Telomere length (TL) decreases with cellular ageing and biological stressors. As advanced donor and recipient ages are risk factors for chronic lung allograft dysfunction (CLAD), we hypothesised that decreased age-adjusted donor TL would predict earlier onset of CLAD. Shorter donor TL was associated with increased risk of CLAD or death (HR 1.26 per 1 kb TL decrease, 95% CI 1.03 to 1.54), particularly for young donors. Recipient TL was associated with cytopenias but not CLAD. Shorter TL was also seen in airway epithelium for subjects progressing to CLAD (p=0.02). Allograft TL may contribute to CLAD pathogenesis and facilitate risk stratification.
- Lung Transplantation
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Chronic lung allograft dysfunction (CLAD) reflects progressive fibrosis and constitutes the most common cause of death after the first year following transplant.1 However, time to development of CLAD varies substantially across lung transplant recipients. While donor and recipient ages are risk factors for decreased CLAD-free survival, they do not fully capture the extent of molecular ageing.2
Telomeres are nucleoprotein caps on the terminal region of chromosomes that provide protection from chromosomal shortening during cell replication. Telomere lengths (TLs) vary inversely with age but are widely distributed within cells and cell populations. TL shortening past a critical length triggers cellular senescence. Accelerated telomere attrition is associated with increased cell turnover and stress, while inherited or sporadic mutations in telomerase-associated genes cause syndromes mimicking early ageing.3
Short allograft TL has been associated with delayed graft function and chronic allograft dysfunction following renal transplantation4 and poor graft survival following stem-cell transplant for aplastic anaemia.5 Case series of recipients with known telomerase mutations following lung transplantation suggest an increased risk of leucopenia but did not evaluate CLAD.6 A small retrospective lung transplantation cohort study found no association between donor or recipient peripheral blood TL and survival.7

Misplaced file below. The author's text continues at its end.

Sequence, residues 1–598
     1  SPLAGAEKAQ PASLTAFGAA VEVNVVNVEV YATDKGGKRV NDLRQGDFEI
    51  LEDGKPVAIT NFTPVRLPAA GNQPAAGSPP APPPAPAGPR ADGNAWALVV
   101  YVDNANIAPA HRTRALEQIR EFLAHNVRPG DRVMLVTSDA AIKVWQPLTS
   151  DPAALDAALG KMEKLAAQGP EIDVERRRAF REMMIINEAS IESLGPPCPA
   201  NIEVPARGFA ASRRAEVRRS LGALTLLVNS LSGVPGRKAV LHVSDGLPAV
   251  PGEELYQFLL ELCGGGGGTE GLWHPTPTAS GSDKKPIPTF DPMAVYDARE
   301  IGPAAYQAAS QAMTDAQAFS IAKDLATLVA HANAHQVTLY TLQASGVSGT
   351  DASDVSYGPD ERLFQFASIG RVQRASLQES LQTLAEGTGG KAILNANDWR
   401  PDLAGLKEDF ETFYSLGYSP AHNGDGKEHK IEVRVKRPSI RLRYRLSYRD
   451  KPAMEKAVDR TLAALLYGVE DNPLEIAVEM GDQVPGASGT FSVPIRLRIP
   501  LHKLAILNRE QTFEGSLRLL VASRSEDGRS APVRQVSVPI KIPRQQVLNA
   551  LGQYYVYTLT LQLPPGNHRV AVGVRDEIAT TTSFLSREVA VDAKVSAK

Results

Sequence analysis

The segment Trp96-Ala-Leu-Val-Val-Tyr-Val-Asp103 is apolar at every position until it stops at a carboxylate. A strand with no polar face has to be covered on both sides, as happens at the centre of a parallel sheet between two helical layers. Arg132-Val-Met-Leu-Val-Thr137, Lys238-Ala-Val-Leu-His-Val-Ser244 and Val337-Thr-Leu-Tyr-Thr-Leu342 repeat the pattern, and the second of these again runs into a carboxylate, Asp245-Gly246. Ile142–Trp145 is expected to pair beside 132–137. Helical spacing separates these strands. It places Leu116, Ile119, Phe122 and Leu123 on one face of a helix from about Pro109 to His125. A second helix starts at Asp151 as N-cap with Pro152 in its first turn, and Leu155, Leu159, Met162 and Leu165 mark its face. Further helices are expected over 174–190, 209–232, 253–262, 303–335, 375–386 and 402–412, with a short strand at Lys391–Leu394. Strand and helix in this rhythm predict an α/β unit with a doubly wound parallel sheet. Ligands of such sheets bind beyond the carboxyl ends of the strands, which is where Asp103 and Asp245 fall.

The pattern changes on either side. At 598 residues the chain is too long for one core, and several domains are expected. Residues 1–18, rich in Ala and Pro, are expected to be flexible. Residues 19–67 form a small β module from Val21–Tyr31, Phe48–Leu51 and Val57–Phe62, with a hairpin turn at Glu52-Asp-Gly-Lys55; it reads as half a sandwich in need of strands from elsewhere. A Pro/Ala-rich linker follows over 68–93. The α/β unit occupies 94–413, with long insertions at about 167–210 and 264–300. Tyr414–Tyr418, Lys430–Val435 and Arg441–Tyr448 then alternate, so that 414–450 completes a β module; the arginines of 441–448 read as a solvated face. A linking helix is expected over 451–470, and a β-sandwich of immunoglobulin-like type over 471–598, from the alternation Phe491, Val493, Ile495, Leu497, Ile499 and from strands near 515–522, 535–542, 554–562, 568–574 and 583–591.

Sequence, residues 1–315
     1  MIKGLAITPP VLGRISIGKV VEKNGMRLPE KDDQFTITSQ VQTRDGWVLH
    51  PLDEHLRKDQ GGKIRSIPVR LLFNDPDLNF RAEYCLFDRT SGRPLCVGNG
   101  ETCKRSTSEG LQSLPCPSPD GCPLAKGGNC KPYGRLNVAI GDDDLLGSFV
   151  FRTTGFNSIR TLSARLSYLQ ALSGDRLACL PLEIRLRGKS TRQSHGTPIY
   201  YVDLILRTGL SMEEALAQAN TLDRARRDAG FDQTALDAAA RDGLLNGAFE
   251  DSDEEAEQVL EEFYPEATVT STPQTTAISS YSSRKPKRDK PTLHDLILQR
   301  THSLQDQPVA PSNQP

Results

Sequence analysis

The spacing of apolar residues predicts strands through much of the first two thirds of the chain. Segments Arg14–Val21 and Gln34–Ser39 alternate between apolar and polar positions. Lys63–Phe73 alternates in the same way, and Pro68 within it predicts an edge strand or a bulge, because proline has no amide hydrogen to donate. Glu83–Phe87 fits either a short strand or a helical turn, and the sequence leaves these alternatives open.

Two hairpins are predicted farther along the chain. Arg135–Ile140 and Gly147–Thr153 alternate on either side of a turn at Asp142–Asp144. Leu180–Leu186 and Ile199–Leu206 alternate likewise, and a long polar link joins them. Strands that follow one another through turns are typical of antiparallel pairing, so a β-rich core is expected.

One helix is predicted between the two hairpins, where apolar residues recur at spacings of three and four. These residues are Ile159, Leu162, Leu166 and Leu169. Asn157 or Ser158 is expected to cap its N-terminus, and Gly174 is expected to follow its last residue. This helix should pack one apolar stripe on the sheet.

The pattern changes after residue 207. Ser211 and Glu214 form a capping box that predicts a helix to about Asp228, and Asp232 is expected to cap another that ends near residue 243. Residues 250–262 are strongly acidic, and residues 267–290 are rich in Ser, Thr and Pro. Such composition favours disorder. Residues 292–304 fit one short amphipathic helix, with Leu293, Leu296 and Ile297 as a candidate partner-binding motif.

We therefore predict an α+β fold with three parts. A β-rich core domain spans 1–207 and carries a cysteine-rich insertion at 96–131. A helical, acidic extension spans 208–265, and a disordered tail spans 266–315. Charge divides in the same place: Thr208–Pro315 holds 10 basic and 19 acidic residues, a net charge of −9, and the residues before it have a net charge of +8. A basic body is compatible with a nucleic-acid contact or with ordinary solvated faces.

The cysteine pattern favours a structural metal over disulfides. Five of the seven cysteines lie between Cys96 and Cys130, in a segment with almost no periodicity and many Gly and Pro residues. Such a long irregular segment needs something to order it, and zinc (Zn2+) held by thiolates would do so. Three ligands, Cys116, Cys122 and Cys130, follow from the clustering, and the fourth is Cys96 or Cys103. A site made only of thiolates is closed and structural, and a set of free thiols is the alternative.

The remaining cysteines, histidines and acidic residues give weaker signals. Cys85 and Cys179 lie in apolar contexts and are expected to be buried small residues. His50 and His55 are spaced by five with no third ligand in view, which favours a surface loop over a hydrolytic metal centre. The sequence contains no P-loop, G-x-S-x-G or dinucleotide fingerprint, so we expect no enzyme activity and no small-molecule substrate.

Telomere dysfunction in lung disease has been increasingly appreciated, as telomere-related mutations are implicated in familial pulmonary fibrosis and COPD.8 Experimentally, telomere dysfunction induced by selective deletion of the shelterin complex proteins in alveolar type II cells results in epithelial cell failure, remodelling and fibrosis.9
These observations motivated the hypothesis that shortened donor peripheral blood telomeres would identify lung allografts at increased risk for early CLAD or death following transplantation.
See online supplement for detailed methods. Briefly, lung allograft recipients at University of California, San Francisco (UCSF) were included if they provided informed consent, donor and recipient DNA samples were available and had at least 18 months of follow-up data (see online supplementary table S1). We measured TL by quantitative PCR on DNA isolated from peripheral blood mononuclear cells (PBMC) or spleen. For the subcohort described in online supplementary table S4, TL in endobronchial biopsies collected within 90 days following transplant was measured by quantitative fluorescence in situ hybridisation.
Demographic features of the 175 included subjects are summarised in online supplementary table S2. Mean donor TL exceeded that of recipients by 1.0 kb (95% CI 0.8 to 1.2, p<0.001) and by 0.5 kb (95% CI 0.2 to 0.7, p<0.001) after adjusting for age. Forty-five per cent of recipients developed CLAD with a median time to CLAD of 3.8 years, and 28% of subjects died. Median follow-up time was 4.9 years (IQR 4.0 years). TL was inversely correlated to age for the entire cohort (figure 1A).
Shorter donor TL was associated with an increased risk of CLAD or death with an adjusted HR of 1.25 per 1 kb decrease in TL (95% CI 1.03 to 1.52, 88 events, p=0.02, figure 1B, C). Recipient TL and donor age were not associated with CLAD-free survival (table 1). Interaction modelling suggested that short donor telomeres are most hazardous in younger donors (p=0.01). In a competing risk analysis adjusted for subject characteristics, decreasing donor TL was associated with both CLAD censored on death (subdistribution HR 1.25, 95% CI 1.00 to 1.56, 72 events, p=0.045) and death alone (subdistribution HR 1.43, 95% CI 1.06 to 1.93, 40 events, p=0.02).